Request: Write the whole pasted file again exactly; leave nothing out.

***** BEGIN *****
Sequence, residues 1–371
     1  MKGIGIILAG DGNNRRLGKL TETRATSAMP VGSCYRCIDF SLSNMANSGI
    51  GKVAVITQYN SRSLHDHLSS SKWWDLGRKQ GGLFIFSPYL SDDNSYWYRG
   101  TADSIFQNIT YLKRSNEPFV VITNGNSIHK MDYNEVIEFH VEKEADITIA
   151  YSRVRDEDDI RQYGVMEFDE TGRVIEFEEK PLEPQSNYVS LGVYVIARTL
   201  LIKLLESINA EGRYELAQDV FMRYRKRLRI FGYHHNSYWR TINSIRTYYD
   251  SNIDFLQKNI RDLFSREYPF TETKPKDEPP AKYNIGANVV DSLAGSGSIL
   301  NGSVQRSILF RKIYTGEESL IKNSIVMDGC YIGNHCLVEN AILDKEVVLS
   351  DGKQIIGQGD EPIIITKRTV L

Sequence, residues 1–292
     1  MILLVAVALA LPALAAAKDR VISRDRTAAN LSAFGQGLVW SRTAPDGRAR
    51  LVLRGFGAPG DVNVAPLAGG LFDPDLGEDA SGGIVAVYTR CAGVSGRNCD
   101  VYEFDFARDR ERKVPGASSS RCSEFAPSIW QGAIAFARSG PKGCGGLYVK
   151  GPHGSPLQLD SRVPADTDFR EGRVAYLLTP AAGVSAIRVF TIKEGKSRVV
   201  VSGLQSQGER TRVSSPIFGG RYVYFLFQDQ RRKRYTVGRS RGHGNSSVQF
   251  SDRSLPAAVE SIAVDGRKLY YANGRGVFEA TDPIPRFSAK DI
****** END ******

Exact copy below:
Sequence, residues 1–371
     1  MKGIGIILAG DGNNRRLGKL TETRATSAMP VGSCYRCIDF SLSNMANSGI
    51  GKVAVITQYN SRSLHDHLSS SKWWDLGRKQ GGLFIFSPYL SDDNSYWYRG
   101  TADSIFQNIT YLKRSNEPFV VITNGNSIHK MDYNEVIEFH VEKEADITIA
   151  YSRVRDEDDI RQYGVMEFDE TGRVIEFEEK PLEPQSNYVS LGVYVIARTL
   201  LIKLLESINA EGRYELAQDV FMRYRKRLRI FGYHHNSYWR TINSIRTYYD
   251  SNIDFLQKNI RDLFSREYPF TETKPKDEPP AKYNIGANVV DSLAGSGSIL
   301  NGSVQRSILF RKIYTGEESL IKNSIVMDGC YIGNHCLVEN AILDKEVVLS
   351  DGKQIIGQGD EPIIITKRTV L

Sequence, residues 1–292
     1  MILLVAVALA LPALAAAKDR VISRDRTAAN LSAFGQGLVW SRTAPDGRAR
    51  LVLRGFGAPG DVNVAPLAGG LFDPDLGEDA SGGIVAVYTR CAGVSGRNCD
   101  VYEFDFARDR ERKVPGASSS RCSEFAPSIW QGAIAFARSG PKGCGGLYVK
   151  GPHGSPLQLD SRVPADTDFR EGRVAYLLTP AAGVSAIRVF TIKEGKSRVV
   201  VSGLQSQGER TRVSSPIFGG RYVYFLFQDQ RRKRYTVGRS RGHGNSSVQF
   251  SDRSLPAAVE SIAVDGRKLY YANGRGVFEA TDPIPRFSAK DI